The expansion of regulatory T cells (Tregs) (Figure 1) during fungal infections may constitute an important tool to avoid deleterious or exacerbated inflammation due to Th1 response or hypersensitivity reactions associated with Th2 responses [154]. Tregs may play a relevant role early in the A. fumigatus infection by modulating proinflammatory activities of polymorphonuclear leukocytes through contact-dependent or independent mechanisms such as IL-10 production [166]. Otherwise, later during A. fumigatus infection Tregs may work especially by inhibiting Th2 cell response and then preventing allergy to the fungus.

Besides CD4 T helper responses, it is know that CD8+ T cells may also mediate protective immunity against A. fumigatus infection, especially through recognition of HLA-A*0201 restricted fungal peptides [167]. Furthermore, dendritic cells may recognize fungal RNA by TLR3 and induce class I MHC restricted CD8 T-cell protective responses to A. fumigatus [122]. In addition, Templeton et al. observed increased IFN-γ producing CD8+ T cells in bronchoalveolar lavage fluid of mice repeatedly challenged with A. fumigatus conidia coupled to the maintenance of airway memory phenotype CD8+ T cells [168]. The maintenance of this CD8+ T cells in airways could be attributed to the specific characteristic of A. fumigatus conidia to germinate and persist in lungs, thus pointing to cytotoxic cells as another important mechanism for fungal control.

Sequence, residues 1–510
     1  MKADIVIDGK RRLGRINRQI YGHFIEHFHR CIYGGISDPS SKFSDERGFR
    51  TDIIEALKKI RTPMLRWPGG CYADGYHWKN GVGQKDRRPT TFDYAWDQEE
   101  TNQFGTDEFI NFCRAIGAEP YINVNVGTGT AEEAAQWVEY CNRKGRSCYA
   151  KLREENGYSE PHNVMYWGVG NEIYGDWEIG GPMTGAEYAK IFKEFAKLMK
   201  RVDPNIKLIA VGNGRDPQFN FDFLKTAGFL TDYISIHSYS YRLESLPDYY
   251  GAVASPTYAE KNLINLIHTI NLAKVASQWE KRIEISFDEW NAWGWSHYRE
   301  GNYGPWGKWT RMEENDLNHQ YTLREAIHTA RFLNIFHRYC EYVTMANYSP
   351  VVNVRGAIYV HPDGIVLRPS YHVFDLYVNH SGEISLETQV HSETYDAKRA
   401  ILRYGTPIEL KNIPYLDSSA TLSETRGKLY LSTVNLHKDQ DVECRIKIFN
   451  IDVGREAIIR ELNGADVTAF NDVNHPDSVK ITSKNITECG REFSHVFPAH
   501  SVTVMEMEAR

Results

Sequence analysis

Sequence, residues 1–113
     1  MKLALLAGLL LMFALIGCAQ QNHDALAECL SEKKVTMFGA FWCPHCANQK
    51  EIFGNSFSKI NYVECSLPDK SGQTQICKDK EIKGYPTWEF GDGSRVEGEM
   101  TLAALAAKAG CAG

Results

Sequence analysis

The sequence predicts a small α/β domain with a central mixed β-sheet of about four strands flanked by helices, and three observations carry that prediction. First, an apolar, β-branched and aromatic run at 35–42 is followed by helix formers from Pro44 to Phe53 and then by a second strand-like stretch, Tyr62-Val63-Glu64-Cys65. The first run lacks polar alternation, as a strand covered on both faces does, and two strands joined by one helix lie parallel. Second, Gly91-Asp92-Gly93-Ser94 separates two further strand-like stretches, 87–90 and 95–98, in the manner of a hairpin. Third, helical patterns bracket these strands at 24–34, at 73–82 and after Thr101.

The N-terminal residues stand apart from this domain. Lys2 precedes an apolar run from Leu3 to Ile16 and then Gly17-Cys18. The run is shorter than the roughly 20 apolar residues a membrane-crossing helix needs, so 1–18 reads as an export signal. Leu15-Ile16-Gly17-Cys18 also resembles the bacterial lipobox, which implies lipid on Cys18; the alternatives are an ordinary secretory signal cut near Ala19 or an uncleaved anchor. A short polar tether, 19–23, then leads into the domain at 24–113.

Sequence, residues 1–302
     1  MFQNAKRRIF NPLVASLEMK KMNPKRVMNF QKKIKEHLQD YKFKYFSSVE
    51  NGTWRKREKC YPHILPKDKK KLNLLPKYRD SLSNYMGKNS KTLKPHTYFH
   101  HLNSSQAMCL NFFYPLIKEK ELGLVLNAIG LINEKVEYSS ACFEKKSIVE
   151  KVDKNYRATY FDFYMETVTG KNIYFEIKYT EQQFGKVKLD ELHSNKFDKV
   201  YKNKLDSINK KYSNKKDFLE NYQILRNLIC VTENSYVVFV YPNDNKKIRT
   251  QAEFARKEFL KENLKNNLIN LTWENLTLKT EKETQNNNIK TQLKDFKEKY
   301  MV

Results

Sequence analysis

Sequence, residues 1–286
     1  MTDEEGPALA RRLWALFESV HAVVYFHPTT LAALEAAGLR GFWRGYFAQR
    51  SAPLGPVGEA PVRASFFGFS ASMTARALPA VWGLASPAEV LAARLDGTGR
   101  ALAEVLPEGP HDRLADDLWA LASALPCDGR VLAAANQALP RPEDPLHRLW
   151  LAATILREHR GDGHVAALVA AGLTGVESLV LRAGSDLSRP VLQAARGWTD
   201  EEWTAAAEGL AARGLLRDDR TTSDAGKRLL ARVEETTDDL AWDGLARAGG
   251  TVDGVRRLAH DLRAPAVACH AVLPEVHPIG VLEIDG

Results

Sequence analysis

4. Concluding Remarks